How's it going, everyone?
I have discovered another powerful article on dissertating for you…
Lessons learned from the dissertation….
An author with a new doctorate shares lessons learned about writing a dissertation. Lessons include (1) there are few sources to guide one on how to write a dissertation; (2) it is easier to critique research than to create research; (3) dissertation writing is an evolutionary communication process; (4) criticism is good; (5) dissertation writing produces a product; (6) hypotheses rule and methods matter most; and (7) less is more. Additionally, the author asserts that (8) writing for dissertation is an apprenticeship experience that prepares one for writing for publication.
FOR THE LAST 2 1/2 YEARS, I have been writing my dissertation; it is just recently completed. During this experience, I learned a few things about dissertation writing. From an "insider" perspective, this is a summary of those lessons.
This article is for doctoral students who are sweating over another draft of a rising pile of discarded dissertation drafts while considering if it would be more fun to wash walls and clean closets. My own personal draft discard pile rose to 31/2 feet. The walls and closets should have gotten cleaned, but I forced myself to write instead. Within the prolonged writing effort, I have learned that there are few sources that guide one on how to write a dissertation; that it is easier to critique than create; that dissertation writing is an evolutionary communication process; that criticism is good; that dissertation writing produces a product; that hypotheses rule and methods matter most; that less is more; and that the dissertation writing experience is an apprenticeship.
Lesson 1: There are few sources to guide one on how to write a dissertation.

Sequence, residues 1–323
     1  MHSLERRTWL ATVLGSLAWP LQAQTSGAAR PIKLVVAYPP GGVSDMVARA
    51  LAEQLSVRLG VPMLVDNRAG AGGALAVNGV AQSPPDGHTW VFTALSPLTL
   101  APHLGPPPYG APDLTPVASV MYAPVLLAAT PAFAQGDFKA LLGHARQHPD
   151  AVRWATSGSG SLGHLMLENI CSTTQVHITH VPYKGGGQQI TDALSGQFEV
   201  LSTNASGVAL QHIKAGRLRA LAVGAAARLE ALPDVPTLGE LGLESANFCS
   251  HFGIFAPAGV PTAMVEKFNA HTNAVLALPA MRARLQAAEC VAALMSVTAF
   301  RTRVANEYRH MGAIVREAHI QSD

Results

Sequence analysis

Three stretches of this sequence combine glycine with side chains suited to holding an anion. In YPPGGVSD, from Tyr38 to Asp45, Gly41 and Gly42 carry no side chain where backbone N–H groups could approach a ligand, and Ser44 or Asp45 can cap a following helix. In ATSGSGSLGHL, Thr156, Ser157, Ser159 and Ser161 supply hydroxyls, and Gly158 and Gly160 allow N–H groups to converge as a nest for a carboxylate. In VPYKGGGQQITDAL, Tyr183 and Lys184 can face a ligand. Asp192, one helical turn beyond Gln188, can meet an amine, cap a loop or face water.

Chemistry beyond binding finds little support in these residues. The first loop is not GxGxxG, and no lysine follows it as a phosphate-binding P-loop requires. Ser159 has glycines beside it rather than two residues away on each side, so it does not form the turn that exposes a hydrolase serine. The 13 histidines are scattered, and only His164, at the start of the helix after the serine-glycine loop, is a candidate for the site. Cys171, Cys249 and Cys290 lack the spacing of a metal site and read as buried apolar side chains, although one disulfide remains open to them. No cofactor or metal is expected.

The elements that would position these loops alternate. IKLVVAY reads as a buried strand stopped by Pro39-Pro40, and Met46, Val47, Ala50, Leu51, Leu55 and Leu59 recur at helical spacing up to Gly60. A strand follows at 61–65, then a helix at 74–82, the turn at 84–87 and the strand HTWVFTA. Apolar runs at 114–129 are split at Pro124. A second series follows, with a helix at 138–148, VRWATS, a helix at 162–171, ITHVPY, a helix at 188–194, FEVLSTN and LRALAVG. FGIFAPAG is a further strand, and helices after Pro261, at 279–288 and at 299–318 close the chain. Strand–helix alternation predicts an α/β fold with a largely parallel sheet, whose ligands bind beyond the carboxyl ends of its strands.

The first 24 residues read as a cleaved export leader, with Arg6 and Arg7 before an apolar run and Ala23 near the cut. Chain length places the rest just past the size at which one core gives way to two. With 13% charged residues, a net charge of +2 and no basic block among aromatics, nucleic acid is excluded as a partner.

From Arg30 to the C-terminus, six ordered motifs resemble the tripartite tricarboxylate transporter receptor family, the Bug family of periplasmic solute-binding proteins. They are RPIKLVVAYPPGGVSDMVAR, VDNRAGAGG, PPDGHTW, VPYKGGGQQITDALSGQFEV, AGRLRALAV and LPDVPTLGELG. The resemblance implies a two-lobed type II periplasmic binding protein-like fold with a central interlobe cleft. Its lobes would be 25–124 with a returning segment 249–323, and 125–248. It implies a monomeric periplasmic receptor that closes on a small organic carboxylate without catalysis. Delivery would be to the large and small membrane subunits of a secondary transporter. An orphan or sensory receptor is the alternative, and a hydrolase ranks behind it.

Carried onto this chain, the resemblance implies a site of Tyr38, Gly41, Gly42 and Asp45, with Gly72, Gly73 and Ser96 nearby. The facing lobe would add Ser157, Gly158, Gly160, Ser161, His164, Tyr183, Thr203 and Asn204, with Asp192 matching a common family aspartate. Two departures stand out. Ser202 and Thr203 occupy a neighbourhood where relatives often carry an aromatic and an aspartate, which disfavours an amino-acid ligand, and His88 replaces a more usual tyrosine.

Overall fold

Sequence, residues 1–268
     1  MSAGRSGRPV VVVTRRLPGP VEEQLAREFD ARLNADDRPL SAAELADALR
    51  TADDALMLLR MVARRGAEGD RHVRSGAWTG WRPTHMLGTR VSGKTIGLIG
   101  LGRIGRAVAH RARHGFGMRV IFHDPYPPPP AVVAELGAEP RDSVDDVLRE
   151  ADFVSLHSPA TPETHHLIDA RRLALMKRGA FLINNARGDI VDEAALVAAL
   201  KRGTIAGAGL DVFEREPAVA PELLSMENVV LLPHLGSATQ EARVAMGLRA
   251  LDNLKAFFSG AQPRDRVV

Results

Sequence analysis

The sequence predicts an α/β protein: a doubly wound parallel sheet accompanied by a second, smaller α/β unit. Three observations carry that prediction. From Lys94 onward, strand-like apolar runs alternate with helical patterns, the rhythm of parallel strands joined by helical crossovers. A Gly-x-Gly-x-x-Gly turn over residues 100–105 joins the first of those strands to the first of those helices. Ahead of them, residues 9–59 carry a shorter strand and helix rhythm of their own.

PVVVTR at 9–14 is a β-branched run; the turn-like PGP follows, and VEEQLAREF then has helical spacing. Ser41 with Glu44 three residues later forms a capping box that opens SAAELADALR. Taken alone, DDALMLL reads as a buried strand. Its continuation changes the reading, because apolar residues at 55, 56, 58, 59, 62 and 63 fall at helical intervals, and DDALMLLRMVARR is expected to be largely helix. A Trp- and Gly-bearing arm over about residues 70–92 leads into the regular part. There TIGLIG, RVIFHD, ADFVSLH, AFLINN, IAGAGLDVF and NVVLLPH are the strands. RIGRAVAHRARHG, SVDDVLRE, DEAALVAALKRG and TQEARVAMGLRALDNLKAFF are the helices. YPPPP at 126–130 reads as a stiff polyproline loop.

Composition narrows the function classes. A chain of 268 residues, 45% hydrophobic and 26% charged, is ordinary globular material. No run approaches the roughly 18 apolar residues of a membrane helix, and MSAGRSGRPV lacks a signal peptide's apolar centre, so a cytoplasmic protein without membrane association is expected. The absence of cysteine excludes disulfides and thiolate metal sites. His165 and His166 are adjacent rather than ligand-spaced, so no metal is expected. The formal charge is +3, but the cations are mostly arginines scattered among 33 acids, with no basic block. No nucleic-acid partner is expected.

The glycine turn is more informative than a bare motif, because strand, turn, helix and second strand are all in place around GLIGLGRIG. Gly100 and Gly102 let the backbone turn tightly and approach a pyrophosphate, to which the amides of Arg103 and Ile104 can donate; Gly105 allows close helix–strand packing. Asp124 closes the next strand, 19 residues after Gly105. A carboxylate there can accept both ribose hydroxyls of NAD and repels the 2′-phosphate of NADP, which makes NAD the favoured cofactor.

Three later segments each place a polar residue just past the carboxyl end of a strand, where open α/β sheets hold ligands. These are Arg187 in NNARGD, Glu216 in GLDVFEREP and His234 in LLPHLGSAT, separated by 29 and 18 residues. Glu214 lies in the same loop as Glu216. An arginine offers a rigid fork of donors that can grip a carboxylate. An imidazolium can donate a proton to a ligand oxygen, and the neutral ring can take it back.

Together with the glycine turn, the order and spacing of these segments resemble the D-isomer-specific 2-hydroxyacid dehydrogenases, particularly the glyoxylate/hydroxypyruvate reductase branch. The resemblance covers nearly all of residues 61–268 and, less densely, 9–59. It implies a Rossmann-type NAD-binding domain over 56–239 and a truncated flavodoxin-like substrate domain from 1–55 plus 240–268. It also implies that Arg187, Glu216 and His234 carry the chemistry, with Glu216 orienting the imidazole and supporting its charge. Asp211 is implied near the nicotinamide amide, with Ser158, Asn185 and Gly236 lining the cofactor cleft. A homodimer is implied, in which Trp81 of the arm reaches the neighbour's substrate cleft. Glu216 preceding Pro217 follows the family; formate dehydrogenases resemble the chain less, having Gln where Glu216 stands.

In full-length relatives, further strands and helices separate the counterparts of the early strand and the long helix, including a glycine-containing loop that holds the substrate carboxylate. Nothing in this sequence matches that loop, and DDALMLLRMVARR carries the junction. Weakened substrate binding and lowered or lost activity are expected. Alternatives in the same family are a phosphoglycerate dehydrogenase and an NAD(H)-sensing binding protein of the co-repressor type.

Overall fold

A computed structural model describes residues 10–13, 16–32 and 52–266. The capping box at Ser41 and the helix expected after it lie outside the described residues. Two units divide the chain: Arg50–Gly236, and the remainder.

There are written guides for what to put in a dissertation, and there are guides for surviving the dissertation process (Newman, Benz, Weis, & McNeil, 1997; Rudestam & Newton, 1992). There also are guides for reference and bibliography formats (American Psychological Association, 2001). Every university provides a detailed list of overall dissertation formatting requirements which one must meticulously follow. Additionally, the informal network of former doctoral students gives ongoing advice that is sometimes paranoid, and sometimes practical, for example, to have "lions" for committee chairs (versus more timid animals), to expect to be "beaten up" verbally in a defense hearing, to have a writing schedule, to set specific dissertation goals, to expect to give the committee members anything they want, etc. While I found that each of these sources was a contribution to my dissertation development, none of them told me how to write a dissertation. When I sat in front of a blank computer screen- they did not tell me how to construct the sentences, what to include or exclude in a paragraph, how to write the hypotheses, or what to emphasize in the draft.
Further, my own innate love of writing was not at all helpful in the dissertation writing process. In my experience, the dissertation writing process was often tedious, and the statistical analysis was often magically exciting-the opposite of my early predictions. I grew up writing stories at the age of 6, for example "Ollie the Otter," and poetry in my teen years, such as, "At night, by candlelight, the lioness and I have ruled the world ... alas, time has depleted what the sun has obscured." Even today, I feel elation at reading about the creative process of writing described as "my job-my itch, urge, dream, hobby, entertainment, prayer-is to tell stories on paper ... that inform and move their readers, and that is what I do to shoulder the universe forward two inches" (Doyle, 2000, p. 44).
When I was writing the dissertation, I was frequently bored with the terse style of dissertation writing. Subject-verb-object-period. Subject-verb-object-period. Subject-verb-object-period. My creative flair had failed to prepare me for this writing style. Nonetheless, subject-- verb-object sentences-terse, dense, and rapid-were the style required to relay the "what" of the content, to survive the stages of the dissertation, to serve as the text within the required document formats, and to negotiate the paranoia and practicality of the process. In other words, subject-verb-object sentences got the job done.